Top Ten Most Memorable Fathers in Literature

The last time I tackled a Top Ten Tuesday topic, it was ‘Most Memorable Mothers in Literature‘. So this week I’m looking at the most memorable fathers in literature: the good, the bad, and the ugly. (This was technically supposed to be last week’s TTT topic. My bad.)

Top Ten Most Memorable Fathers in Literature

1. Mr Mortmain, from I Capture the Castle by Dodie Smith: Mr Mortmain isn’t a great father, but he certainly is memorable. The much-celebrated author of a massive work of literary fiction, his writer’s block has not only reduced his family to genteel poverty – it’s also made him seriously unpleasant to be around. It’s a mark of how bad a dad he is that his kids lock him in an old castle tower, and everybody thinks this is the best thing they could possibly have done with him.

2. Mr Hale, from North and South by Elizabeth Gaskell: a mild-mannered parish priest, Mr Hale upends his family’s life when he suddenly decides that he has to leave the church and seek employment elsewhere. His ‘moral objections’ are perhaps a little vague, but it’s fascinating to see such a lily-livered character manage to throw the lives of his nearest and dearest into such utter turmoil when he moves his entire family to the industrial city of Milton. Is he a moral and brave character who chose to do the right thing no matter the consequences, or is he, as his wife at one point seems to suggest, a bad father who destroys his family’s lives for the sake of his own personal uncertainties? You be the judge.

3. Mr Bennet, from Pride and Prejudice by Jane Austen: Mrs Bennet made my ‘Most Memorable Mums’ list, so of course Mr Bennet had to be here too. While Mrs Bennet is obsessed with marrying off her daughters to rich husbands, Mr Bennet seems to care about nothing except his library and, just occasionally, possibly, his daughter Lizzy. Although he’s a sharp and witty character, considering the lack of interest he shows in his daughters’ lives and futures, he’s actually a pretty terrible dad.

4. Mr Woodhouse, from Emma by Jane Austen: the hypochondriacal Mr Woodhouse is a sweetly pathetic character. He’s terrified about people catching cold, and is constantly convinced that he’s in danger of succumbing to any number of unpleasant illnesses. And while he is almost child-like and endearing in his fearful approach to the world, there’s no denying that he’s a lot of work.

5. Jean Valjean, from Les Misérables by Victor Hugo: Jean Valjean, an ex-con turned respectable businessman, adopts the daughter of a prostitute because he feels guilty about the fact that said prostitute died when she was thrown out of his factory. This is all very tangled up and everybody feels guilty about a whole lot of stuff, but the gist is that Valjean becomes a good dad who finds some kind of redemption by caring for his adoptive daughter. Sweet, right?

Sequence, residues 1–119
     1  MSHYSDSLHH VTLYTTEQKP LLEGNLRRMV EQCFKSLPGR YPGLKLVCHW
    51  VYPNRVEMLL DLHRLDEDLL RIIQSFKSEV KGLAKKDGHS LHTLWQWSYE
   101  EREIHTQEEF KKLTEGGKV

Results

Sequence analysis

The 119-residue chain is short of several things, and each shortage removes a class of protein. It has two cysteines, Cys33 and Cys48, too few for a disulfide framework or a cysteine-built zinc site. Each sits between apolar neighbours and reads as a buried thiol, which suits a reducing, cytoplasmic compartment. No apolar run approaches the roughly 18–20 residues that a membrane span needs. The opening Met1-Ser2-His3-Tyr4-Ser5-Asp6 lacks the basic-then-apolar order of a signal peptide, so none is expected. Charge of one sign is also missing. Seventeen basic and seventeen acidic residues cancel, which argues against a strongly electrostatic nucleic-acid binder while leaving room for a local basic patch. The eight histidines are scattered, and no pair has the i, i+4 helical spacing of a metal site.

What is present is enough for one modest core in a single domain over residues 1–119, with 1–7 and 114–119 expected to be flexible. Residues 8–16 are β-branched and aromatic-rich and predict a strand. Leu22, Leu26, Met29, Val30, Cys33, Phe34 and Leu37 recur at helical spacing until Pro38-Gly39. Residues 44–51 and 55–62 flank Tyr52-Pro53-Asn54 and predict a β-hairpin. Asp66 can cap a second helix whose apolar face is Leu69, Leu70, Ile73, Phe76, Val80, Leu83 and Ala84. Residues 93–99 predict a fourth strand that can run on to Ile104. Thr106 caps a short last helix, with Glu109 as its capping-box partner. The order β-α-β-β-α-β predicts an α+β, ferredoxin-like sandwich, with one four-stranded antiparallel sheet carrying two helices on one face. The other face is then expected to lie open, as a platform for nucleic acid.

6. Arthur Weasley, from the Harry Potter Series by J.K. Rowling: Mrs Weasley was also on my ‘Best Mums’ list, so I thought it only right to include her husband too. Mr Weasley is the even-tempered, Muggle-loving head of the Weasley clan, and aside from his habit of enthusiastically grilling Harry and any nearby Muggles about everything from electric plugs to escalators, he is a protective and reasonable father figure.

7. Cronos, from Greek Mythology: Cronos not only killed his own father by castrating him, he then proceeded to eat his children because a prophecy said that one of his kids would usurp him. He will not be in the running for ‘Best Dad of the Year’ any time soon.

8. Shylock, from The Merchant of Venice by William Shakespeare, and Barabas, from The Jew of Malta by Christopher Marlowe: I’ve included these two characters together because it’s pretty obvious that Shakespeare was influenced by Marlowe’s play when he wrote the character of Shylock. Marlowe’s Barabas is a truly awful father; obsessed with getting revenge, at one point he poisons everyone in the nunnery where his daughter is hiding, including his daughter herself.

Shylock, meanwhile, is a much more difficult father to get a handle on; although he mourns when his daughter Jessica runs off with a Christian, it’s unclear whether he’s more concerned about the loss of his daughter or the money that she took with her. This uncertainty is what makes him such a fascinating character.

9. Mo, from Inkheart by Cornelia Funke: Mo is a dad with a secret and awesome gift. His voice can bring stories to life, quite literally, and this is simply the best hidden talent that a father can possibly have, next to being able to reach the lolly jar on the highest shelf when Mum’s not looking. Mo is also a kind and attentive father, in addition to his amazing supernatural gifts.

10. Sam Vimes, from the Discworld series by Terry Pratchett: Vimes is introduced to readers early on in the Discworld series as a confirmed bachelor, dedicated to his life in the City Watch. But over the course of the series this slowly changes. By the seventh book in the series about Vimes, he has an entirely new role. In addition to catching the worst criminals in Ankh-Morpork, “at six o’clock every day, without fail, with no excuses, he must go home to read ‘Where’s My Cow?’, with all the right farmyard noises, to his little boy.”

Who are your most memorable dads?

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7 thoughts on “Top Ten Most Memorable Fathers in Literature

  1. I’ve hardly read any Terry Pratchett but your description of Sam Vimes is intriguing. He sounds like a great dad — what’s not to love about a guy who reads his son “Where’s My Cow?”

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